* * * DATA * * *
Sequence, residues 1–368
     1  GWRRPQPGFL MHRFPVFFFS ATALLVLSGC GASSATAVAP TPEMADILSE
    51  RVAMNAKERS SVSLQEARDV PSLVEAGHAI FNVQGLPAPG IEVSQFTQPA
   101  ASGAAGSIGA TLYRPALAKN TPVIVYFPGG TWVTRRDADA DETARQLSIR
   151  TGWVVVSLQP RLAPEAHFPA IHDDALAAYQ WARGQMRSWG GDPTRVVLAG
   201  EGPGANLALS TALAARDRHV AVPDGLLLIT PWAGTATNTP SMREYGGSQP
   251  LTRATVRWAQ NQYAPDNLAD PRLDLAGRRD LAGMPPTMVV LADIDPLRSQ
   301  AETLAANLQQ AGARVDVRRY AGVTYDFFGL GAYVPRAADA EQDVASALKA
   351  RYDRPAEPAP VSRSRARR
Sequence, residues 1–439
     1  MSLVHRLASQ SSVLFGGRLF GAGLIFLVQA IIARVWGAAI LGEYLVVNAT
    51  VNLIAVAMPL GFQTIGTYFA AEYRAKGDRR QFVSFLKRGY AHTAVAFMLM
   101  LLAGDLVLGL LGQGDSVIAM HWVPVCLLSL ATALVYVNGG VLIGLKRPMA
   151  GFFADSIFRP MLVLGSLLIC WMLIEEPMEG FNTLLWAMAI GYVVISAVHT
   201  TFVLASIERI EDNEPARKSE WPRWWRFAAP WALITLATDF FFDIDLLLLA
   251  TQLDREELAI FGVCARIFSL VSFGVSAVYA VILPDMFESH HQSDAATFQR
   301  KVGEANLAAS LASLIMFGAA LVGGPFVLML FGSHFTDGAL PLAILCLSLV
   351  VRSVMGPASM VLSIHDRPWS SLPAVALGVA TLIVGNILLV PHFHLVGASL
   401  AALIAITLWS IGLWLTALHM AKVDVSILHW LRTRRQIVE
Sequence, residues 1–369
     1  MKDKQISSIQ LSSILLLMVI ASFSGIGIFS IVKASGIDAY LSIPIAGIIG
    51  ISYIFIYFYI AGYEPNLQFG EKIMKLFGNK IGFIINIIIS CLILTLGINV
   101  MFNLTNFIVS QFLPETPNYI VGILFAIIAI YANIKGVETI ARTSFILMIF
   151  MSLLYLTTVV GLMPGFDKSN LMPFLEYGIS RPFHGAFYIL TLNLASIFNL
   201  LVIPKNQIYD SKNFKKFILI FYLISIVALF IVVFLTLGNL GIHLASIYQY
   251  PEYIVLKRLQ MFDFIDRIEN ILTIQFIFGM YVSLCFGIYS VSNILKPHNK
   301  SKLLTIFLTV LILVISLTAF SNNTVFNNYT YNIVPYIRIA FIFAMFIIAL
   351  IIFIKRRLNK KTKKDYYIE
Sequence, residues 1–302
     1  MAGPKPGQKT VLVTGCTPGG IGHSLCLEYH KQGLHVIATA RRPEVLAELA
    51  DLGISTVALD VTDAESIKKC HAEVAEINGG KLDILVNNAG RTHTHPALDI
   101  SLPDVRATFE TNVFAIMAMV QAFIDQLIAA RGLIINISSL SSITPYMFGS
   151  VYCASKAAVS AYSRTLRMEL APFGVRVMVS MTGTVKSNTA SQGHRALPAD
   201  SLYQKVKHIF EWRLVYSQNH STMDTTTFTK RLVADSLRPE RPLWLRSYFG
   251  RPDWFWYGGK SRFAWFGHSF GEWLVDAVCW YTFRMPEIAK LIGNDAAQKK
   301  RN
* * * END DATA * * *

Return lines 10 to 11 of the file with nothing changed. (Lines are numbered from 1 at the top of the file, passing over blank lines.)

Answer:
Sequence, residues 1–439
     1  MSLVHRLASQ SSVLFGGRLF GAGLIFLVQA IIARVWGAAI LGEYLVVNAT